Jemal's Church Street School, LLC has taken the Long Branch Zoning Board of Adjustment to Monmouth County Superior Court for voting down a plan to turn the historic Church Street School into 14 multifamily apartments. The group claims the denial is too restrictive and will not allow the property to be redeveloped, therefore they are asking the court to grant site plan approval and a use variance for the project.
Only four of the seven board members present on Aug. 8, 2016 voted to approve the project. Five votes were needed to OK the project and give the developer the use variance they sought. Multifamily units are not allowed in the R-3 zone where the Church Street School is located.
Church Street residents have fought against the project and worried that it would ruin the character of their neighborhood and add additional traffic.
The 16,634 square-foot building, on a 1.45-acre lot, was previously the home of Long Branch Primary School No. 3, but has been vacant for some time.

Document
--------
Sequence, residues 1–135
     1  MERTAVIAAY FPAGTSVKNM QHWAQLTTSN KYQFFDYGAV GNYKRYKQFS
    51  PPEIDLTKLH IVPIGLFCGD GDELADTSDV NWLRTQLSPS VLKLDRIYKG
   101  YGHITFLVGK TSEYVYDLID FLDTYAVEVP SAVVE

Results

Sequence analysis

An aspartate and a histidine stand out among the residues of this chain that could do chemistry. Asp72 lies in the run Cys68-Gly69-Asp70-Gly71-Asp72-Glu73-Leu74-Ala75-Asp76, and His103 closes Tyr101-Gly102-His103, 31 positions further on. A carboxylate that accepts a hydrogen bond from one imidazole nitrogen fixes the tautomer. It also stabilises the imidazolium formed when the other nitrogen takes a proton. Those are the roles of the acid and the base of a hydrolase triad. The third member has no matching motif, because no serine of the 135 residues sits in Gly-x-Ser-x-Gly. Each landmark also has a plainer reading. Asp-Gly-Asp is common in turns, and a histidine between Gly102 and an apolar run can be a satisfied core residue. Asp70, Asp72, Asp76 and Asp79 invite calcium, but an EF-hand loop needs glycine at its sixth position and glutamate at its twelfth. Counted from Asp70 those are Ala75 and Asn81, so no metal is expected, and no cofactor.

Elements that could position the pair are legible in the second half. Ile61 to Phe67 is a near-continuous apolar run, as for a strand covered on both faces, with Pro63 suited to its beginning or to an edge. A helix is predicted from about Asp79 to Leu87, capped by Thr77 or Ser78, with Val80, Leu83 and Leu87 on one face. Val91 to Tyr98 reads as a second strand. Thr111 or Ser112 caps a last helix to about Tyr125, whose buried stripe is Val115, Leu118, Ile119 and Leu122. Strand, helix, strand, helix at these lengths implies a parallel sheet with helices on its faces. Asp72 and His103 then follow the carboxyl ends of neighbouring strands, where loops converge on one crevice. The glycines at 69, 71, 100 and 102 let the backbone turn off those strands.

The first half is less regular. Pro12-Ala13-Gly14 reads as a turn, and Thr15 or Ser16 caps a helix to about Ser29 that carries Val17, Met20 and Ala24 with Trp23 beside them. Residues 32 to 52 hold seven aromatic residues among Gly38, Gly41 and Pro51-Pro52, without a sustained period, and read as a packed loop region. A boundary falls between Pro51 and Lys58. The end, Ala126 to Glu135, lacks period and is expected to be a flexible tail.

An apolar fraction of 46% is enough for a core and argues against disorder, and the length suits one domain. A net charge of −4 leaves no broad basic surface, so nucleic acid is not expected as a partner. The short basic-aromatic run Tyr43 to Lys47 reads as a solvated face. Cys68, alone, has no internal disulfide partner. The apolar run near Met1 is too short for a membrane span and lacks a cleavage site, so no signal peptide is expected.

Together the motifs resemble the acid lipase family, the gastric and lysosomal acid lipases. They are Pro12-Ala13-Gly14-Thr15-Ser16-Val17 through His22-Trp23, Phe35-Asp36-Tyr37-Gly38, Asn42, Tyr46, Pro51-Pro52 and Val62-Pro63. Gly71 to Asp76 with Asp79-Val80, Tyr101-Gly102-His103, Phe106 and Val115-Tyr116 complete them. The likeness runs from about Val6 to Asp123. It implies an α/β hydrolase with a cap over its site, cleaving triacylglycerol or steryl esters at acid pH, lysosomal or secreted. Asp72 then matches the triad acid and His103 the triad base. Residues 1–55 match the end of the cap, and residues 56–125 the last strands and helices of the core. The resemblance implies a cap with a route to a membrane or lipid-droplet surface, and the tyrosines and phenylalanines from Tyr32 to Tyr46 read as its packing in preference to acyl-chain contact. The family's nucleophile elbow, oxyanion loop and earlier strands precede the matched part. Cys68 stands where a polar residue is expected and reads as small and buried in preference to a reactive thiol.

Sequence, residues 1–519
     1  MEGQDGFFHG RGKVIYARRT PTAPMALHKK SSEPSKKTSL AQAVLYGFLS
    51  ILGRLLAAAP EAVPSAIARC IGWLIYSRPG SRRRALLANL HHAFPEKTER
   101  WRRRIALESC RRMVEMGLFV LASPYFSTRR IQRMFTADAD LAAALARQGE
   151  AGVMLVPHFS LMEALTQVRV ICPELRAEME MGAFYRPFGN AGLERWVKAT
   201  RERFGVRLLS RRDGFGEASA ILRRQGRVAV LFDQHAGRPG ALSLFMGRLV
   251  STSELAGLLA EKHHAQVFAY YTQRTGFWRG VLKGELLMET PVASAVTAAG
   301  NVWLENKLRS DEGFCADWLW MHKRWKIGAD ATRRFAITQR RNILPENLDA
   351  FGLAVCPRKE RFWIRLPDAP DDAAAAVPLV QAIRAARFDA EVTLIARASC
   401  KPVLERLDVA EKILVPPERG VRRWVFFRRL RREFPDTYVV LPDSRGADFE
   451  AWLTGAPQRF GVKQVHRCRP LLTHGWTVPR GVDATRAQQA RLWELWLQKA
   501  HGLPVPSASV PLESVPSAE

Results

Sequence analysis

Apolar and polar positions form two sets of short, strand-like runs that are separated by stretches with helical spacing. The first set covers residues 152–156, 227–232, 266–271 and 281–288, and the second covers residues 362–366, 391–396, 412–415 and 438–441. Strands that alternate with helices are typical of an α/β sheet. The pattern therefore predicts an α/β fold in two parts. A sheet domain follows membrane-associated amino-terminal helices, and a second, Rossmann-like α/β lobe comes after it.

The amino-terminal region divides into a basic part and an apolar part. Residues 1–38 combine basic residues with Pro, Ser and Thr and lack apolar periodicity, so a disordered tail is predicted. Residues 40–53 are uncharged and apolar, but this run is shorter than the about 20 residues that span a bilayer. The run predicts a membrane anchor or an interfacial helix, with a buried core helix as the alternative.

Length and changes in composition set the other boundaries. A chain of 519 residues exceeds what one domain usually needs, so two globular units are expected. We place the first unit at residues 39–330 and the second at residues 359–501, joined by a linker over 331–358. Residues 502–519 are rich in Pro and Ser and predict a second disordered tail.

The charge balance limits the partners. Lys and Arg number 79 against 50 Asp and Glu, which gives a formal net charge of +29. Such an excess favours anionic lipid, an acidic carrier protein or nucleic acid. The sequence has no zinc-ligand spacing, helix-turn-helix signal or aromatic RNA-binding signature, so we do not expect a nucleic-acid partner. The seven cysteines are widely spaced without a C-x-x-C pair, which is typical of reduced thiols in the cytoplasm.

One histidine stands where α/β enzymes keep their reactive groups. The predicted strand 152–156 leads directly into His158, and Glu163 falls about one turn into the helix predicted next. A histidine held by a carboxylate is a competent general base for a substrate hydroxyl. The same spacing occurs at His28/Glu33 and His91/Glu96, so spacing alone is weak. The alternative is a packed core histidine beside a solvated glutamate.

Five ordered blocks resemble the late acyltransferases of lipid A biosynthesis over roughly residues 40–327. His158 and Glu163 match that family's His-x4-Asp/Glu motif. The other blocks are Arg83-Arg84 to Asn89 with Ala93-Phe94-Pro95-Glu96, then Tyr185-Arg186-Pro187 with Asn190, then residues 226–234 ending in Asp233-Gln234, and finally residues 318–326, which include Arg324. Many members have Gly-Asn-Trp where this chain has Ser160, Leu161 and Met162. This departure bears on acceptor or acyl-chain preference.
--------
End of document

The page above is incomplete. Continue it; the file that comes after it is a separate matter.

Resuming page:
The family behind Jemals is associated with a 9-million-square-foot portfolio, much of which is the renovation of historic properties in the Washington, D.C. area such as the Wonder Bread Factory, Woodies Building and the Coliseum. Douglas Jemal, currently has two historic buildings from the former Takanassee Beach Club site at his home at 900 Ocean Ave., Long Branch. He is restoring the Captain's House from the 1870s and the 1903 Port Huron House.
The school, which is on the National Register of Historic Places, was built in 1891 so the developer is bound by not just local zoning laws but several layers of bureaucracy for projects at historic sites such as this.